2. Persistence. They never give up.

“Obstacles cannot crush me. Every obstacle yields to strong resolve. He who is fixed to a star does not change his mind.”

— Leonardo da Vinci

Throughout history, great creatives have shown that persistence is a personality trait that can move mountains. Two good examples revolve around light and flight.

Thomas Edison spent 52 years perfecting the incandescent light bulb. In the process, he extended the life of the average light bulb from 40 hours to 1,500 hours. That progress took persistence and stamina. If he had given up after 50 years, you might be reading this magazine by candlelight.

Da Vinci executed the designs on dozens of flying machines because he desperately wanted to fly. As each design failed to get off the ground, he’d immediately begin working on the next concept. He continued to pursue flight until his death in 1519. Although he never achieved flight during his lifetime, da Vinci’s ideas have contributed to the development of several working flying machines, including the modern helicopter.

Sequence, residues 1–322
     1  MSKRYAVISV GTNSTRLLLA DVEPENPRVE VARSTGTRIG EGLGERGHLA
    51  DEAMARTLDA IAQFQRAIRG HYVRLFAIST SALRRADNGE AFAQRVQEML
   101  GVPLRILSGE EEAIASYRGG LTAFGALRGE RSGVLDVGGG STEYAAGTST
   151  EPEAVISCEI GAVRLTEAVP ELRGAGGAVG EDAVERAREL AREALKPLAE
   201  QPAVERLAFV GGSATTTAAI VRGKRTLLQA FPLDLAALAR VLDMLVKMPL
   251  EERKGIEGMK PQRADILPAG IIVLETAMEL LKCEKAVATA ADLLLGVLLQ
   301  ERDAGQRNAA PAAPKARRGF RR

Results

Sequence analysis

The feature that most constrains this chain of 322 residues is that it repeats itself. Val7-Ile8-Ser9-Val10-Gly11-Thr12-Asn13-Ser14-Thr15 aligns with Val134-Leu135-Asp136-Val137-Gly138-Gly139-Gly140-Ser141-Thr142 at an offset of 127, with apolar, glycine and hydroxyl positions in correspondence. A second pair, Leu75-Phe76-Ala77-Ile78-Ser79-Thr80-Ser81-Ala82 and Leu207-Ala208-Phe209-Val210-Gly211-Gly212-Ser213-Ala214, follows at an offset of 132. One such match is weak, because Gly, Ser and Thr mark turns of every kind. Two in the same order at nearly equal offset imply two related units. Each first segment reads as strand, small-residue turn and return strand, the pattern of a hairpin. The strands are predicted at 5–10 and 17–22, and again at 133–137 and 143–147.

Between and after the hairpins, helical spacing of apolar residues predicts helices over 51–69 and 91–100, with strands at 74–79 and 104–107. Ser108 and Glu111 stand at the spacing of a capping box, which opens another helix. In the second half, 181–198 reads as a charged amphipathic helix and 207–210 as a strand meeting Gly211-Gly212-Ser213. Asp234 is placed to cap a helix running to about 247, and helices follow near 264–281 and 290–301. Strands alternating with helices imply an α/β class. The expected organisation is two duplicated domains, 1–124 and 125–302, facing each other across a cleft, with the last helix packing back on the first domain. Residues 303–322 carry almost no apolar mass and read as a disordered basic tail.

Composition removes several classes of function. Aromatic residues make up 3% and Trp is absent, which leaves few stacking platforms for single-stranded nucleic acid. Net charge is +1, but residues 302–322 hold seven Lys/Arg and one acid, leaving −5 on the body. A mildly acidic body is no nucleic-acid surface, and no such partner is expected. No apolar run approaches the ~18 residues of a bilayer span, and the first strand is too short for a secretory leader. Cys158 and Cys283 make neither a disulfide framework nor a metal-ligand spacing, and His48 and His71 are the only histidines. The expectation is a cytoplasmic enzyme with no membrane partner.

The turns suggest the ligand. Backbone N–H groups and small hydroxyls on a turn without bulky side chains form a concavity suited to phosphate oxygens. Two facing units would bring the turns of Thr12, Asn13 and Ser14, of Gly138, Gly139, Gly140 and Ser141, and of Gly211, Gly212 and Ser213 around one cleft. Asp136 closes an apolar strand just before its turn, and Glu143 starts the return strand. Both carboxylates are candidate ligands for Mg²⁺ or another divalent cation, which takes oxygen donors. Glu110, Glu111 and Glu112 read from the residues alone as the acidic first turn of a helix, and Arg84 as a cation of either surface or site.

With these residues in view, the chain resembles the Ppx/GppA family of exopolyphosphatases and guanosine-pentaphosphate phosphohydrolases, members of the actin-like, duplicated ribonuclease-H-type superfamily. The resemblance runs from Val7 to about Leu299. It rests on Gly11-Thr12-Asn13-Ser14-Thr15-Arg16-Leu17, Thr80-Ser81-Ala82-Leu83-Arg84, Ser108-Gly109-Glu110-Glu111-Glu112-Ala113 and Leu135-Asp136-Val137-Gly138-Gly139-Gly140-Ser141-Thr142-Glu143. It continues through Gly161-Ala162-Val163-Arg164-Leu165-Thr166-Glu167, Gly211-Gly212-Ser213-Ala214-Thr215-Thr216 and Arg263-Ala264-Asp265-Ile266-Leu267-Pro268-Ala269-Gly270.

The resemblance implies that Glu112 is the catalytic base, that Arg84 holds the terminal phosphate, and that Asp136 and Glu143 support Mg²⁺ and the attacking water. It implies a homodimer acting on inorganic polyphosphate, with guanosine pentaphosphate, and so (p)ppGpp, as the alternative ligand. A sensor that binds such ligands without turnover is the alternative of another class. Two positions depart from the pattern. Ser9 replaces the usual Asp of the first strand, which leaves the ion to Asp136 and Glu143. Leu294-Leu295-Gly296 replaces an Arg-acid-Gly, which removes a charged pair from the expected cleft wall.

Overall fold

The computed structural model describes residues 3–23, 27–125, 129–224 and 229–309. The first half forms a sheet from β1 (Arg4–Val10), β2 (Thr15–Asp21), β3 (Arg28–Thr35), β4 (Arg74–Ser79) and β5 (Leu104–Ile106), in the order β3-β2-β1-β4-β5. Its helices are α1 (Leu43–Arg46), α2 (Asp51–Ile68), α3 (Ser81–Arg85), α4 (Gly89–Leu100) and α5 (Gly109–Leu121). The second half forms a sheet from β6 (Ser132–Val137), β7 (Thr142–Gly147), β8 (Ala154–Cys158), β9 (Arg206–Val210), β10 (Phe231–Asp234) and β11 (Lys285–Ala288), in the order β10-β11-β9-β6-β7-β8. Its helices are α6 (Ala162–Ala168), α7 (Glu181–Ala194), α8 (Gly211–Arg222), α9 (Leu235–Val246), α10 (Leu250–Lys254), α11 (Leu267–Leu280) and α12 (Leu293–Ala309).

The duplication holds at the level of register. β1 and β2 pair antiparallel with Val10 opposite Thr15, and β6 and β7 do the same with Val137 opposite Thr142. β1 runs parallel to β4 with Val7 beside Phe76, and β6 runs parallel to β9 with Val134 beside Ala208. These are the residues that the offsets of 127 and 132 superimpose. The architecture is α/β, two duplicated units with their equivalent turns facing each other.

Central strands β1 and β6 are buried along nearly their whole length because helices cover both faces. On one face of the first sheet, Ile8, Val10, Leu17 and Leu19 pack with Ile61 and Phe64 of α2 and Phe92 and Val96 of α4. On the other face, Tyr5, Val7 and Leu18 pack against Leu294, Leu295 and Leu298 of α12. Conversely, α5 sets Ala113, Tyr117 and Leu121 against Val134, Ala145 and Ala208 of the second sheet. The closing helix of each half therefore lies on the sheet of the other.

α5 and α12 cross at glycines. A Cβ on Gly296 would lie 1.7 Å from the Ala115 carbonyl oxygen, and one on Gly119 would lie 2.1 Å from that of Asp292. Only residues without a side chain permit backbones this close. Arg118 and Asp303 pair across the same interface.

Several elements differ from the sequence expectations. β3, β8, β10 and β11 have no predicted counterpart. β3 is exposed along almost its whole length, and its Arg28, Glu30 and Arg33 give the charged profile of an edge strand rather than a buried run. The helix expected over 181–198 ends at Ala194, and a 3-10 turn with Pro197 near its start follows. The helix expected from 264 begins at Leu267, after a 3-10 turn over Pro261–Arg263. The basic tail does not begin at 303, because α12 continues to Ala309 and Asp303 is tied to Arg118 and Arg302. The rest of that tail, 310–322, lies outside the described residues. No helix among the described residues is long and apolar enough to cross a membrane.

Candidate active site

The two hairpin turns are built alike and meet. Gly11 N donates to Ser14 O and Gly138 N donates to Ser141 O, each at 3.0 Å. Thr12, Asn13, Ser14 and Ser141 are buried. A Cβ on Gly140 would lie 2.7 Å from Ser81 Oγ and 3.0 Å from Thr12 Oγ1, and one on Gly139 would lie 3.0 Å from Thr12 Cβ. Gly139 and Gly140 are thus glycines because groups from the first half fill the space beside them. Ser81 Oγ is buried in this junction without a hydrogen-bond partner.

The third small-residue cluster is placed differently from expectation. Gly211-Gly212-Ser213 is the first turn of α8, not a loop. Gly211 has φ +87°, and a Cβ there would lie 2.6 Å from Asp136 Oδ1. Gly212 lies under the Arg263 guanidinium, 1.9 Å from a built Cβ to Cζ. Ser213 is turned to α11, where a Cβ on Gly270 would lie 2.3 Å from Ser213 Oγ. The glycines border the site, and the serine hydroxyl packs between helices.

3. Imagination. They see all of the possibilities.

Teacher: What are you drawing, Amy?

Amy (age 5): God.

Teacher: But Amy, nobody knows what God looks like.

Amy: They will when I’m done.

So many of the great minds I’ve worked with and so many famous creators throughout history refer to the power of the imagination with great reverence and respect. And no imagination gets more

respect than that of a child. I’ve heard so many gifted people refer to the minds of kids with a sense of awe and wonder.

Some creative geniuses, like Picasso, considered the child’s imagination to be an absolute benchmark of creativity. Imagination is the talent that allows us to see our ideas before they are realized. It’s an ever-changing set of mental blue prints and emerging concepts. For the creative genius, the imagination is a mental gymnasium where they can work out their ideas.

Einstein bolstered many people’s perception of the value of imagination when he said, “Imagination is more important than knowledge.”

4. Passion. They love what they do.